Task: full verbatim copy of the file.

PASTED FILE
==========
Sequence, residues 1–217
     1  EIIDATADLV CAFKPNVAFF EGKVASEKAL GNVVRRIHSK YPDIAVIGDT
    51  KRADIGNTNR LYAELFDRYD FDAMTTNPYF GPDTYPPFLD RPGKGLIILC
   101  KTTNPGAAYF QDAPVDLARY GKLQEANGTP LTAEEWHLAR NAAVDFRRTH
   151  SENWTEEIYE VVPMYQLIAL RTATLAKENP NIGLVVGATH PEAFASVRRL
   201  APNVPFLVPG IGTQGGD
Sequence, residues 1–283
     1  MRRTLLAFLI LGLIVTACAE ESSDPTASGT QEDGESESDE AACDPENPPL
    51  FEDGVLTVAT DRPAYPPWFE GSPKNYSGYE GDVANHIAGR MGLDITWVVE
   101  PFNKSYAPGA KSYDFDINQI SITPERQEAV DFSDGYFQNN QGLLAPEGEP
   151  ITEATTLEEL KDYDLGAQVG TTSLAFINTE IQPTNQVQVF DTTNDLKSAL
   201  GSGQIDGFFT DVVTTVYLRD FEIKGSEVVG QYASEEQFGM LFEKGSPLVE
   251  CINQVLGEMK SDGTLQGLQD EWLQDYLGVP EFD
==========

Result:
Sequence, residues 1–217
     1  EIIDATADLV CAFKPNVAFF EGKVASEKAL GNVVRRIHSK YPDIAVIGDT
    51  KRADIGNTNR LYAELFDRYD FDAMTTNPYF GPDTYPPFLD RPGKGLIILC
   101  KTTNPGAAYF QDAPVDLARY GKLQEANGTP LTAEEWHLAR NAAVDFRRTH
   151  SENWTEEIYE VVPMYQLIAL RTATLAKENP NIGLVVGATH PEAFASVRRL
   201  APNVPFLVPG IGTQGGD
Sequence, residues 1–283
     1  MRRTLLAFLI LGLIVTACAE ESSDPTASGT QEDGESESDE AACDPENPPL
    51  FEDGVLTVAT DRPAYPPWFE GSPKNYSGYE GDVANHIAGR MGLDITWVVE
   101  PFNKSYAPGA KSYDFDINQI SITPERQEAV DFSDGYFQNN QGLLAPEGEP
   151  ITEATTLEEL KDYDLGAQVG TTSLAFINTE IQPTNQVQVF DTTNDLKSAL
   201  GSGQIDGFFT DVVTTVYLRD FEIKGSEVVG QYASEEQFGM LFEKGSPLVE
   251  CINQVLGEMK SDGTLQGLQD EWLQDYLGVP EFD